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SGML/XML support?

 [1/2] from: dm128::microconnect::net at: 3-Jul-2001 19:53

Since I'm new to this excuse me, if this documented else where, I was unable to find it. <New to the whole thing working on chat client, so if my question is poorly phrased again excuse me.> Does rebol support opening up an SGML/XML or data stream, if so, how? Thank you, David

 [2/2] from: joel:neely:fedex at: 3-Jul-2001 16:55

Hi, David, David wrote:
> Does rebol support opening up an SGML/XML or data stream, > if so, how? >
Pardon me if I misunderstand the question, but you can apply the PARSE-XML function to data from any source. The argument to PARSE-XML is a string and the result is a block structure described further below. For example: foo: parse-xml read %data.xml or foo: parse-xml read The result will be a block structure of the form [document none [ ;content appears here ] ] Each component of the content block is either an XML element (another block) or a string. XML elements are represented by three-item blocks where * the first item is the name of the XML element (as a string), * the second item is a block of name/value pairs for the attributes in the element, or NONE if no attributes appeared, * the third item is a block holding the contents of the XML element (nested strings or other elements), or NONE for an empty element. For example:
>> my-x: {
{ <demo> { <height units="cm">243</height> { <case><veneer type="walnut" finish="glossy"/></case> { </demo> { } == { <demo> <height units="cm">243</height> <case><veneer type="walnut" finish="glossy"/></case> </demo> }
>> my-blk: parse-xml my-x
== [document none [["demo" none ["^/ " ["height" ["units" "cm"] ["243"]] "^/ " ["case" none [["veneer" ["type" "walnut" "finish" ...
>> my-blk/1
== document
>> my-blk/2
== none
>> my-blk/3
== [["demo" none ["^/ " ["height" ["units" "cm"] ["243"]] "^/ " ["case" none [["veneer" ["type" "walnut" "finish" "glossy"] none]...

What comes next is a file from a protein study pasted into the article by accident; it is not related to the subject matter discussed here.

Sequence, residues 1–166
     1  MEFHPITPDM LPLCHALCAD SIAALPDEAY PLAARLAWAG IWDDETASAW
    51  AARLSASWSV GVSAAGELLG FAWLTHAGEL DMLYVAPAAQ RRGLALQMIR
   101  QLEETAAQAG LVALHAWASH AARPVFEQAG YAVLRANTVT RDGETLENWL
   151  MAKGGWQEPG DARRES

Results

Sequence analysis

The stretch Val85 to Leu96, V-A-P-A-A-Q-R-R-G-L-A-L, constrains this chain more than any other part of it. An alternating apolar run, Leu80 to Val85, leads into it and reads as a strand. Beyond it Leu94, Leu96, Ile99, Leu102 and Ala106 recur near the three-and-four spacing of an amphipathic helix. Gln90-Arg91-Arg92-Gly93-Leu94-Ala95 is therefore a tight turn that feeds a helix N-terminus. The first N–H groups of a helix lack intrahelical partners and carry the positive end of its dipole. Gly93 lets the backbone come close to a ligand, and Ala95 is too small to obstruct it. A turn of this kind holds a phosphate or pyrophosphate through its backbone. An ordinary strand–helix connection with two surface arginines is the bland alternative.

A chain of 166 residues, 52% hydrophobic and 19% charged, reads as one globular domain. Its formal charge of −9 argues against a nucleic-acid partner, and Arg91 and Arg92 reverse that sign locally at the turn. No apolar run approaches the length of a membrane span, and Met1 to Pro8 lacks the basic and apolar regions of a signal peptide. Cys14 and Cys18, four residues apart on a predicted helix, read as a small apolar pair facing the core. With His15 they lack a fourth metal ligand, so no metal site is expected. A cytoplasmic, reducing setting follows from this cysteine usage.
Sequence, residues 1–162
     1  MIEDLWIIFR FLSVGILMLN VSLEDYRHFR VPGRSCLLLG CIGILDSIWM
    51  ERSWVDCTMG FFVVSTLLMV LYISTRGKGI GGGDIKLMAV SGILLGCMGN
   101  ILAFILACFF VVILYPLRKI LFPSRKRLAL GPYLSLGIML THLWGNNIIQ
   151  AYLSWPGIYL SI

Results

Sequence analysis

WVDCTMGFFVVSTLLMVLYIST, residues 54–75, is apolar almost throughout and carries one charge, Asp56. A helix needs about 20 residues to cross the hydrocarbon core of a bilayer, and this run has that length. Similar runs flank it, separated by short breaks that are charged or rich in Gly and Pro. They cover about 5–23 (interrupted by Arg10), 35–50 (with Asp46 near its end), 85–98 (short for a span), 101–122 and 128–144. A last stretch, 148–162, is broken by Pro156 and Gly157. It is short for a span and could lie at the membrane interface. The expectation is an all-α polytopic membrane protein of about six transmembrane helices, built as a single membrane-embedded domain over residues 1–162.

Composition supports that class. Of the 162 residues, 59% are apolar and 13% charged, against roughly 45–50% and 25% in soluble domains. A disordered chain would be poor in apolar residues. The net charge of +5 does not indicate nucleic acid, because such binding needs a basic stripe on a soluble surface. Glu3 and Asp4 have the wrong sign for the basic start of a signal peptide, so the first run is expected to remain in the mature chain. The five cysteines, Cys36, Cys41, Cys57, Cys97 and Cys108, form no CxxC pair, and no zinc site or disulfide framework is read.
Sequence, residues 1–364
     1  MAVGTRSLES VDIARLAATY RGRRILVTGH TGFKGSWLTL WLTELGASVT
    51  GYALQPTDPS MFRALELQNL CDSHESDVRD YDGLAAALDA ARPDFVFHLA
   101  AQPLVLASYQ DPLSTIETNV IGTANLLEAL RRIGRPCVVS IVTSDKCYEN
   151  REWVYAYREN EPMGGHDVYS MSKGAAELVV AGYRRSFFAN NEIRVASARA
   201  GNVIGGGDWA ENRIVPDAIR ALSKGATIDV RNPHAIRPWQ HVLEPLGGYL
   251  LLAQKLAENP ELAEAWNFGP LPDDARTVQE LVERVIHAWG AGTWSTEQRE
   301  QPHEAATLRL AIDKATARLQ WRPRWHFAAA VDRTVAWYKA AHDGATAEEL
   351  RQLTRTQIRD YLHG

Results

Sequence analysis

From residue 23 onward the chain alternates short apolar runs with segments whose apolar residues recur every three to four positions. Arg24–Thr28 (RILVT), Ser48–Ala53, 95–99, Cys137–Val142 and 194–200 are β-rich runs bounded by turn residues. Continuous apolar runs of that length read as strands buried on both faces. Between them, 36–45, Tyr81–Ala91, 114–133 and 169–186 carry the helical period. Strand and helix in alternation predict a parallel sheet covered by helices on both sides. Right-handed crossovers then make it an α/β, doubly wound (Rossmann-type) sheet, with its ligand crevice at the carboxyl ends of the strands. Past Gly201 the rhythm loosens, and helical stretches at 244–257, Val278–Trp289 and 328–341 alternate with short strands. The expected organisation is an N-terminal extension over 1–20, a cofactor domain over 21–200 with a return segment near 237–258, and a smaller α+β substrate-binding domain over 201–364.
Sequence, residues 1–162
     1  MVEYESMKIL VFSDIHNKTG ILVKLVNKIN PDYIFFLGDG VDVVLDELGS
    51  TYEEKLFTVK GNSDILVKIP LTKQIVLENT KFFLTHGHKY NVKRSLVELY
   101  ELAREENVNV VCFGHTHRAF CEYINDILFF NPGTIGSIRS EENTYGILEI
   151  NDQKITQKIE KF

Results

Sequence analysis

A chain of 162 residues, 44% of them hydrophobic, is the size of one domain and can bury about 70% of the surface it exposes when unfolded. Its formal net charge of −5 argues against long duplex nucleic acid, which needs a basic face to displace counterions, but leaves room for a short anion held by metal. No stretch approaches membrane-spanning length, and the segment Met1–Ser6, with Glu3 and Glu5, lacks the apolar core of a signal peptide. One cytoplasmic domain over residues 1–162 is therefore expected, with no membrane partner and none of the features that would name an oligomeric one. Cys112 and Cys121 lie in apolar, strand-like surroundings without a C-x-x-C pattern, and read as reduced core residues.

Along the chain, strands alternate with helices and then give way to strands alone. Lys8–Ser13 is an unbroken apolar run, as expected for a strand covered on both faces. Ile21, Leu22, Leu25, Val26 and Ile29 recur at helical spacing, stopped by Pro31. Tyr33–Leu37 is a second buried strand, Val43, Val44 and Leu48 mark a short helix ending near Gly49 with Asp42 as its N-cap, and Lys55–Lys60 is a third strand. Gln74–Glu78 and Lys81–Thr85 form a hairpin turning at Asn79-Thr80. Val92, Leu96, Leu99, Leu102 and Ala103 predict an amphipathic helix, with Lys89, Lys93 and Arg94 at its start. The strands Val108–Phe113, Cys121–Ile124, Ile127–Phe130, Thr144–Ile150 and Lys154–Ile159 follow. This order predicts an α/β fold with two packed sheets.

>> my-blk/3/1
== ["demo" none ["^/ " ["height" ["units" "cm"] ["243"]] "^/ " ["case" none [["veneer" ["type" "walnut" "finish" "glossy"] none]]...
>> my-blk/3/1/3
== ["^/ " ["height" ["units" "cm"] ["243"]] "^/ " ["case" none [["veneer" ["type" "walnut" "finish" "glossy"] none]]] "^/"]
>> foreach item my-blk/3/1/3 [print mold item]
"^/ " ["height" ["units" "cm"] ["243"]] "^/ " ["case" none [["veneer" ["type" "walnut" "finish" "glossy"] none]]] "^/" The following function can "walk" through this structure, testing each XML element with a selection function and calling a processing function on each element that passes. walkxml: func [ xmlb [block!] sel [any-function!] doer [any-function!] /local _walk parents ][ parents: copy [] _walk: func [xel [block!]] [ insert/only parents xel if do [sel parents] [do [doer parents]] if found? third xel [ foreach item third xel [ if block? item [_walk item] ] ] remove parents ] _walk first third xmlb exit ] Using a simple "pass everything" selector and an "indent the element names" processing function, always: func [][true] indent-element-name: func [elems [block!]] [ print [ head insert/dup copy "" " " length? elems first first elems ] ] we can see the structure of headlines data available from slashdot
>> slash-xml: parse-xml read >> walkxml slash-xml :always :indent-element-name
rdf:RDF channel title link description image title url link item title link item title link ...etc... Now that we know the structure, we can get all of the titles by filtering for "title" tags and printing the strings each one contains. titles-only: func [elems [block!]] [ elems/1/1 = "title" ] print-title: func [elems [block!]] [ print elems/1/3/1 ]
>> walkxml slash-xml :titles-only :print-title
Slashdot: News for nerds, stuff that matters Slashdot Killustrator author required to pay two grand Reverse Engineering .NET - Good, Bad or Inevitable? Quantum Mechanics Symposium The Great Computer Language Shootout Pine/Pico License Misconceptions Embracing Digital Photography The Poverty Of Attention From Serf to Surfer: Becoming a Network Consultant MSNBC on Slashdot Bionic Human: 1st Fully Implanted Human Heart HTH! -jn- -- ------------------------------------------------------------ Programming languages: compact, powerful, simple ... Pick any two! joel'dot'neely'at'fedex'dot'com